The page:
• Regulators: While regulation should be the last resort in many situations, it is time to act on cyber security with smart and focused regulation. This means requirements for boards to: report on relevant expertise at board and senior management level on cyber security; report on risk management arrangements for cyber security; and disclose breaches to the relevant public authority to build a more comprehensive shared picture of the emerging threat. Many of our interviewees agreed; Anne Woodley, a NED and Senior Security Specialist at Microsoft reflected, “I'm not a fan of overregulation, but smart regulations and targeted regulations, would help to raise everyone’s standards up a little bit and make it easy to understand how you're measured against it.” This chimes with wider research, with 80% of senior executives agreeing that mandatory disclosure of cyber incidents, with comparable and consistent formats, is necessary for building confidence and trust. We welcome the July 2023 SEC regulations on cyber security disclosure of incidents and board and management oversight.  
  • Investors: investors should continue to ask questions of their portfolio companies to help drive action on cyber security and more effective governance. 
  • Public-private partnerships on cyber security: they can deliver three vital outcomes for cyber security: a) shared and improved knowledge about incidents and trends, b) shared best practice on cyber security management and governance, and c) joint activities to strengthen the cyber security capability of organisations and the general public. The National Cybersecurity Centre does sterling work in the UK and should be further resourced and supported to extend this work to ensure all organisations have somewhere to turn for information, mentorship, best practice, and joint working. As a former senior law enforcement leader told us, “The policing world is intelligence heavy but resource poor, and business is the reverse. Potentially it's a match made in heaven, bringing the two much more closely together.”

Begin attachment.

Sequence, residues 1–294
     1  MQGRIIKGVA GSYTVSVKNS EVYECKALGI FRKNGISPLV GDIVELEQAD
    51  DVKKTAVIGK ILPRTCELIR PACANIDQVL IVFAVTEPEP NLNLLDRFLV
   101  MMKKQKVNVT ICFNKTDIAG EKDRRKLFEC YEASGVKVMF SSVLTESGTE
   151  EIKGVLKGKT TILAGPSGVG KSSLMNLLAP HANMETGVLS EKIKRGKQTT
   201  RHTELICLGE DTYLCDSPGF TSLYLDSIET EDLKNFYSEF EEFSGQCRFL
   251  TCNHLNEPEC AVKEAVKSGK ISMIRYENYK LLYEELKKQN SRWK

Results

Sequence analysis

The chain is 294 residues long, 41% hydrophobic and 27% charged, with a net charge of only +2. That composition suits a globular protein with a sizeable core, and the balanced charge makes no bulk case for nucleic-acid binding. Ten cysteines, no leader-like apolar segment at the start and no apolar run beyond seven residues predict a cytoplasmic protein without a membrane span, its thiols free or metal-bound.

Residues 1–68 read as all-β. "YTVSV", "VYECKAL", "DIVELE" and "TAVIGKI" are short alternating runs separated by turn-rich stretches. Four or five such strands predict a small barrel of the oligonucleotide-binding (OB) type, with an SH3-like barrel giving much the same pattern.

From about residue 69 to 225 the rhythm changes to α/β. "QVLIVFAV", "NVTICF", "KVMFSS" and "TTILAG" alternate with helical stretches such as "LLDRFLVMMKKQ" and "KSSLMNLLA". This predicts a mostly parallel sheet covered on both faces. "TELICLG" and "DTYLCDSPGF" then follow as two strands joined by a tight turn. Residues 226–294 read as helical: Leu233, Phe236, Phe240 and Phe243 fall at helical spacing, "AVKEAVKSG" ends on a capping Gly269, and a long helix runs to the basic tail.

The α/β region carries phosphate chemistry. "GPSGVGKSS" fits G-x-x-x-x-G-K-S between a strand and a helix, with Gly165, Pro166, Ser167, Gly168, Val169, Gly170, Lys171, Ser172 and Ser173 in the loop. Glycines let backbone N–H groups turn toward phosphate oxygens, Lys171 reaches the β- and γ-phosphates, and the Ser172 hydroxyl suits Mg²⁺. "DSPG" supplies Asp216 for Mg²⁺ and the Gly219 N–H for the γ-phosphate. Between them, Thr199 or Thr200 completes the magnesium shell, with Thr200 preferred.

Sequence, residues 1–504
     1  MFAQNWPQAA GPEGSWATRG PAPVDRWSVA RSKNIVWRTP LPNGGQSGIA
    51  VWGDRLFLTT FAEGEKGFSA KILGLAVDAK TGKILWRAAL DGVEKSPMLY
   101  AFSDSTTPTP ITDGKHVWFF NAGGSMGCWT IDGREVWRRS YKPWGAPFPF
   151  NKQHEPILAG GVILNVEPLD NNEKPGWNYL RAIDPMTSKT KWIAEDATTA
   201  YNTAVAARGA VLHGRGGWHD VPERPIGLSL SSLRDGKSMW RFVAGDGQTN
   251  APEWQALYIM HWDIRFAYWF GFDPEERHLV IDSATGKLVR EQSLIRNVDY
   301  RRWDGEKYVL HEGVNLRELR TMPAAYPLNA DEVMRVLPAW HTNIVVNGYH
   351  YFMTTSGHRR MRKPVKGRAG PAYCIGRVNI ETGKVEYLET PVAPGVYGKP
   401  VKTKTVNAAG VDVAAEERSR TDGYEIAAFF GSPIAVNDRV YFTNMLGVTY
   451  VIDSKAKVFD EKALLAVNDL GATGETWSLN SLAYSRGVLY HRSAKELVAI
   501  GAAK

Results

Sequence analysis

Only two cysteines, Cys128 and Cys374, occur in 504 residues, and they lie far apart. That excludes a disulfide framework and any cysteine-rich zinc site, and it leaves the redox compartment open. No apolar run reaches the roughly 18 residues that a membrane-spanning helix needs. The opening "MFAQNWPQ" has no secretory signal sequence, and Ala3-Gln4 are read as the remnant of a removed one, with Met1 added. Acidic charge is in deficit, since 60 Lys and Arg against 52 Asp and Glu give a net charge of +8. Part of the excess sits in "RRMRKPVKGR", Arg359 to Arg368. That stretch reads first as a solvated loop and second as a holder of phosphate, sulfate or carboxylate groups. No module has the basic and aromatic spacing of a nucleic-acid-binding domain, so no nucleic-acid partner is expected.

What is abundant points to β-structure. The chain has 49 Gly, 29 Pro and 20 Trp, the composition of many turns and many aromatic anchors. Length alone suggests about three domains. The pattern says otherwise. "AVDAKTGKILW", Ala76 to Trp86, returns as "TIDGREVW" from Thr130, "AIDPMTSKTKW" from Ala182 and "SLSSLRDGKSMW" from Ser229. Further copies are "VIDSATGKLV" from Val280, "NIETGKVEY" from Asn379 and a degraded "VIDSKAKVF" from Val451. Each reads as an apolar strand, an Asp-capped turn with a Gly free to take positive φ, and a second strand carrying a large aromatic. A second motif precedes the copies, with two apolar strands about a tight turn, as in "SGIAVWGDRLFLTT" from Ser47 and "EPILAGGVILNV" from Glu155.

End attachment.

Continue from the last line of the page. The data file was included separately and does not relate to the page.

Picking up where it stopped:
Getting cyber security governance right is not just a win for the security of individual companies; evidence shows that large enterprises with digitally savvy executive teams have significantly higher revenue growth, valuations and net margins. Effective cyber security also brings many top line benefits, including greater success rates when tendering for new clients, improved data insights, investor confidence and maintenance of shareholder value during mergers and acquisitions. 

TL2 final paper

Read our full paper, 'Effective Cyber Security Board Governance – A source of competitive advantage'

For more information on Savanti’s board advisory service or contact Richard Brinson (CEO of Savanti, part of FSP) or Rachel Briggs OBE (Executive Advisor to Savanti) or add your details below